The Pleasure Principle and How it Applies to Marketing and Advertising

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The term 'Pleasure Principle' is attributed to being coined by Sigmund Freud but has nothing to do with dream interpretation. This principle asserts that people will pursue pleasure instead of, or to avoid pain. Nowhere can this concept be seen more applicable in marketing than in the diet and fitness industry.

How many ads have you seen that suggest rapid results without pain? Very few advertising campaigns use the 'no pain no gain' approach. Not that 'pain' does not work when applied well (think Nike and Propel Fitness Water).

Simply put, most consumers want something that offers pleasure or satisfaction for little pain or sacrifice; something that simplifies an otherwise difficult task which includes physical, educational, and psycho-social tasks. The Pleasure Principle, although not the same thing, might also be oversimplified by saying people want to “work smarter, not harder” to achieve goals that give them pleasure and satisfaction in the fastest way possible.

According to Freud, the opposite of the Pleasure Principle is the Reality Principle. This principle allows us to put off seeking gratification until later if the reality of our circumstances dictates it is better to use do so.

Business owners need to find ways to prevent the Reality Principle from overriding the Pleasure Principle. Advertising drives consumers to make impulse shopping decisions to get their business in the moment. However, it is vital to your long-term success that you do not exploit customers in the process of securing a transaction.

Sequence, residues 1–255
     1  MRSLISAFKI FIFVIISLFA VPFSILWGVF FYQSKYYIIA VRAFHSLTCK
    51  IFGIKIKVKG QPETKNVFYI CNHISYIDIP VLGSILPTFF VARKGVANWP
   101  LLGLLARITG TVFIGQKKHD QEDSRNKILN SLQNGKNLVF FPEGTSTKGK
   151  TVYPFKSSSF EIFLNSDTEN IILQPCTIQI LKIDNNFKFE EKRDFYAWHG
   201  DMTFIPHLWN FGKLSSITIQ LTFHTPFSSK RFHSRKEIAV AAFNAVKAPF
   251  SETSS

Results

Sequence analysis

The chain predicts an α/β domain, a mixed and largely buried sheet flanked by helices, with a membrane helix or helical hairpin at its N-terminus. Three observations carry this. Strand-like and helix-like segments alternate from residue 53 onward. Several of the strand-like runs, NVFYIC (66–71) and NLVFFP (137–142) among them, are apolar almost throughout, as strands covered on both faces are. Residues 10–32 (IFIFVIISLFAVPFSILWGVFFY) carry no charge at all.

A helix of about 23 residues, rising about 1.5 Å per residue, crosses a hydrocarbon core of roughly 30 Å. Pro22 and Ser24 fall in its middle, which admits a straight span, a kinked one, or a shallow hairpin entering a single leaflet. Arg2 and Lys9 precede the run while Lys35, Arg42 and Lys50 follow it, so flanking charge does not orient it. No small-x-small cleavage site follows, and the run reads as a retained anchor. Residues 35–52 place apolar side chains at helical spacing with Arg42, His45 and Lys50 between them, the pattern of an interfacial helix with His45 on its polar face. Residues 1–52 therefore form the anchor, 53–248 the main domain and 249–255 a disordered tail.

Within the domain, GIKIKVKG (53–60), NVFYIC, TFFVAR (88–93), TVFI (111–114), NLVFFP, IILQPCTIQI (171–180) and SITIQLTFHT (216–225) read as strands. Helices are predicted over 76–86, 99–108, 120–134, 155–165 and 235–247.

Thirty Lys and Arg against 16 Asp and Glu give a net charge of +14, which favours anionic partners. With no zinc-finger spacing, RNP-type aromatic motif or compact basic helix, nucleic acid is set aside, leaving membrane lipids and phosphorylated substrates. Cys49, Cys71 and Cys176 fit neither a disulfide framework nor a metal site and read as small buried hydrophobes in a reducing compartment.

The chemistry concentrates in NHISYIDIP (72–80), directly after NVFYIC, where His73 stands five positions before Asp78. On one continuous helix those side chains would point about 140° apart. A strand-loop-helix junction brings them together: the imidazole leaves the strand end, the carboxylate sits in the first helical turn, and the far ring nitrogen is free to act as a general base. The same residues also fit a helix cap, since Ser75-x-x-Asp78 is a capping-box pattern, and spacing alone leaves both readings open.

Marketing Strategy Questions

  • How can my product or service help someone achieve an end with less effort involved?
  • How can I make people feel good about their purchase?
  • How can I present my product or service in a way that encourages the “pleasure” mindset of consumer that supports the “reality” mindset without taking advantage of customers?

Ideas Based on the Pleasure Principle

Tell, or demonstrate, how your product or service will improve the lives of your customers, and how good it will make them feel. But do not only stop at “cuts time in half,” also state what consumers might do with that time such as “have more time for your family.”

Extoll the benefits someone can reap simply using your product.  Are you offering something rewarding from the experience or simply doing something a consumer would need to do anyhow (i.e., personal hygiene, laundry, drive a car)?

Does your product help the environment? Give a portion of sales to a charity of choice? What, for no extra effort, do pleasure-seekers gain from choosing your business over another?

Be careful not to make a product sound as if the buyer will have to do nothing at all. Total substitution or automation does not completely meet the needs of the Pleasure Principle. To receive pleasure, your consumers still need to feel that they were a part of the experience; otherwise, it becomes too impersonal to capitalize on the Pleasure Principle.

An example of making things too easy is exemplified in an interesting marketing catastrophe in the baking mix industry. In the 1980s, to help busy working women, several types of baking mixes were mass-marketed that only required that water is added. The advertising campaigns boasted quick and easy results – “just add water.” Sales immediately dropped. But when one additional step was added back in, “add an egg,” sales returned.

Why? Because when something is too easy, consumers are deprived of the pleasure of self-satisfaction from doing something – even if they do very little at all.